People with mild cognitive impairment (MCI) are at increased risk of converting to Alzheimer's disease within a few years, but a new study warns the risk increases significantly if they suffer from anxiety.
Led by researchers at Baycrest Health Sciences' Rotman Research Institute, the study has shown clearly for the first time that anxiety symptoms in individuals diagnosed with MCI increase the risk of a speedier decline in cognitive functions - independent of depression (another risk marker). For MCI patients with mild, moderate or severe anxiety, Alzheimer's risk increased by 33%, 78% and 135% respectively.
The research team also found that MCI patients who had reported anxiety symptoms at any time over the follow-up period had greater rates of atrophy in the medial temporal lobe regions of the brain, which are essential for creating memories and which are implicated in Alzheimer's.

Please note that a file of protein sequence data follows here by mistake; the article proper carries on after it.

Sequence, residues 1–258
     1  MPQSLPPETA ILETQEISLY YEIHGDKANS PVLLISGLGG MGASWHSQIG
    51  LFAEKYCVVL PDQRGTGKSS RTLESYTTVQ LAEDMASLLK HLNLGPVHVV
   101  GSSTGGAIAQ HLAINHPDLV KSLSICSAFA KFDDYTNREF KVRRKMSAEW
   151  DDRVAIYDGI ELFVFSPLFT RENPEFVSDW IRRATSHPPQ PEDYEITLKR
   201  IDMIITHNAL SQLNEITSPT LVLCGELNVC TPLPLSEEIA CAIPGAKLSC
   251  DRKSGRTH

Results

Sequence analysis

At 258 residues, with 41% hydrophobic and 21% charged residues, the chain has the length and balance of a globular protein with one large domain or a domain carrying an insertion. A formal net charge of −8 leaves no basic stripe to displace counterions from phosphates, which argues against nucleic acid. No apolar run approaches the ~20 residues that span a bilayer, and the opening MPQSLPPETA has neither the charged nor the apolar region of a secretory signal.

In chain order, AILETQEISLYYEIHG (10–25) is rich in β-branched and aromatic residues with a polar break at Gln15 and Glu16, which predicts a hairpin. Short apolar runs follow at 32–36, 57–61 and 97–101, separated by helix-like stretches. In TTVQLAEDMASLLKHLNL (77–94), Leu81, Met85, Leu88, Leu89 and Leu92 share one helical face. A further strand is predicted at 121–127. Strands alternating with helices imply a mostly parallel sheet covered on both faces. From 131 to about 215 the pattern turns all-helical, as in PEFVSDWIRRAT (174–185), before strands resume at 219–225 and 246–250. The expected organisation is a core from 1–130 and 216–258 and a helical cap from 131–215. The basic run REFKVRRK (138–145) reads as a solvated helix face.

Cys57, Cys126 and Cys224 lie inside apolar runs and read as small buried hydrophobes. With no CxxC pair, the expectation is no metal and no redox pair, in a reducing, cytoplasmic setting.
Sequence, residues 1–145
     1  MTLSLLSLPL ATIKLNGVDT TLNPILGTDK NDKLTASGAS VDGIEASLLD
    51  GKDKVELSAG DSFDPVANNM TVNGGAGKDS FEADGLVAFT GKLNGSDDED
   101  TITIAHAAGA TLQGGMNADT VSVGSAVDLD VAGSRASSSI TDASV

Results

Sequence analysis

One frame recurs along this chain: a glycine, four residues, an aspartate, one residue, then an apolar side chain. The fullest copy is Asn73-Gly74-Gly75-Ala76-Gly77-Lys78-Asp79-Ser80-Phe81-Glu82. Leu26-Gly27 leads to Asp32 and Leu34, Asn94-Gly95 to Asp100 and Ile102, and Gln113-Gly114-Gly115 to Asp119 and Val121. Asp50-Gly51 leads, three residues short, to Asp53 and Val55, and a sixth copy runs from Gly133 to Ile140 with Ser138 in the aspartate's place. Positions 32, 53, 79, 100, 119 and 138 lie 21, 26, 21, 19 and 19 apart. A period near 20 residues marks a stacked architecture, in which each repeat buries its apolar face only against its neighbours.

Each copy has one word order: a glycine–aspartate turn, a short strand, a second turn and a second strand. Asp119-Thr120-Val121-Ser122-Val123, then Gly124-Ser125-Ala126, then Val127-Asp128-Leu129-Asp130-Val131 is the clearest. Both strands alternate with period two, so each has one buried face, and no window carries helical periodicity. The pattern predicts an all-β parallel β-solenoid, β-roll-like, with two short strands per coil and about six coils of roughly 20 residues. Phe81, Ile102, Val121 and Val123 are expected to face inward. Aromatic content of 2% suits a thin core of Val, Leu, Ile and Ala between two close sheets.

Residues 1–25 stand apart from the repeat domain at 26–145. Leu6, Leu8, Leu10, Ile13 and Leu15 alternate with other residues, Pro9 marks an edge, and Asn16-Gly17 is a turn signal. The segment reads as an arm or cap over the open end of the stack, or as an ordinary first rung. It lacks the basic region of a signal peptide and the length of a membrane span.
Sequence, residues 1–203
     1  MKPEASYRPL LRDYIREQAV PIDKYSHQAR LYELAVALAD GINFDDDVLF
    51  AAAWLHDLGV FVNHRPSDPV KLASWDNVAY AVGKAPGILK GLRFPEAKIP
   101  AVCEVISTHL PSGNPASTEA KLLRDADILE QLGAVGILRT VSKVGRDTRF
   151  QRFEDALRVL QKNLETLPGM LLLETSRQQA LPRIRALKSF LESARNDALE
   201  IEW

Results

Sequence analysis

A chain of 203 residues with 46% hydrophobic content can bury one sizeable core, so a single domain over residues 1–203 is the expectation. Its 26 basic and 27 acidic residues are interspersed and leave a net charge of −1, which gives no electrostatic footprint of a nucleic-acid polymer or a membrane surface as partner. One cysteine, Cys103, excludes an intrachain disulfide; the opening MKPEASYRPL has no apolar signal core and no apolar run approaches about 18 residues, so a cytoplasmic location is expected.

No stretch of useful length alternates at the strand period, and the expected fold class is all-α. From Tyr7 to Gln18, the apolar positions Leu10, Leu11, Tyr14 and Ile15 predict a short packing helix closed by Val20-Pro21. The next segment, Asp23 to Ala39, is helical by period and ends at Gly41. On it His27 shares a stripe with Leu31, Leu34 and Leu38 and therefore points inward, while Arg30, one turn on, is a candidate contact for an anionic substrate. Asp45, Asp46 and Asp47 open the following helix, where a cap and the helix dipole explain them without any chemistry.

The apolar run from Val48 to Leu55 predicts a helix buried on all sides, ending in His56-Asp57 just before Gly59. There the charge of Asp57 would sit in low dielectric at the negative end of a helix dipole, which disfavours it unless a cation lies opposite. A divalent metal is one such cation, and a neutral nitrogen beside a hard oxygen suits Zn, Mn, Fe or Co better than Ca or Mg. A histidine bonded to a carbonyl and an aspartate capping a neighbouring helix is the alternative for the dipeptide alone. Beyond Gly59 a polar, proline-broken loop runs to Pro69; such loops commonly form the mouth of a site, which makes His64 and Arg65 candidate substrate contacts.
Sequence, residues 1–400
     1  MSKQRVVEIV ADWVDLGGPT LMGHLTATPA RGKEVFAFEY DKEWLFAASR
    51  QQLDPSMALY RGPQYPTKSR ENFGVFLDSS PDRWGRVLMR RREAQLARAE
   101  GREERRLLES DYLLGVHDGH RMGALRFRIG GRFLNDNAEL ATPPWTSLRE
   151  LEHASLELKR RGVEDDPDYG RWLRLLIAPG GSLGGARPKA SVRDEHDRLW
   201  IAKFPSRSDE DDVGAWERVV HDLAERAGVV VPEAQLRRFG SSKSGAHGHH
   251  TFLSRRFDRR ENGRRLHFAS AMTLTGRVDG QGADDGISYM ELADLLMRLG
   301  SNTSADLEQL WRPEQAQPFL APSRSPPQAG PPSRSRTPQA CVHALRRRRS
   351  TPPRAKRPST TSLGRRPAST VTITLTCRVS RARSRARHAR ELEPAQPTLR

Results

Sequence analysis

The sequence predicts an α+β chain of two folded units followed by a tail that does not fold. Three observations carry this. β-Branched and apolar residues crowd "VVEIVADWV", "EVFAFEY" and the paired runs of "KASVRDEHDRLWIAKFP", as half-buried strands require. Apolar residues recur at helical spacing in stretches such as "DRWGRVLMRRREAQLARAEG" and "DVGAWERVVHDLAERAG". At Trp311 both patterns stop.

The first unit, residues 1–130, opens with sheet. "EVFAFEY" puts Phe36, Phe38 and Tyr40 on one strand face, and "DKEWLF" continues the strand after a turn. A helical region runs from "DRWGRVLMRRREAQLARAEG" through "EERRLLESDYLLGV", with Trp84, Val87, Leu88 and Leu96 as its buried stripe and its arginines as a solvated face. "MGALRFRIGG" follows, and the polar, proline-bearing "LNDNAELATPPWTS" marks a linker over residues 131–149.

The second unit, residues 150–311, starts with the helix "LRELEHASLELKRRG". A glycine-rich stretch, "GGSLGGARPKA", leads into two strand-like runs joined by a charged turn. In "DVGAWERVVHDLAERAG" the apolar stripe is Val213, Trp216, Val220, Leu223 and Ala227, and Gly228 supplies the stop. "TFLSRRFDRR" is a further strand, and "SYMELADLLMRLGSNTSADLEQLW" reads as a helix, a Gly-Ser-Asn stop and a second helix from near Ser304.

Until now, anxiety as a potentially significant risk marker for Alzheimer's in people diagnosed with MCI has never been isolated for a longitudinal study to gain a clearer picture of just how damaging anxiety symptoms can be on cognition and brain structure over a period of time. There is a growing body of literature that has identified late-life depression as a significant risk marker for Alzheimer's. Anxiety has historically tended to be subsumed under the rubric of depression in psychiatry. Depression is routinely screened for in assessment and follow-up of memory clinic patients; anxiety is not routinely assessed.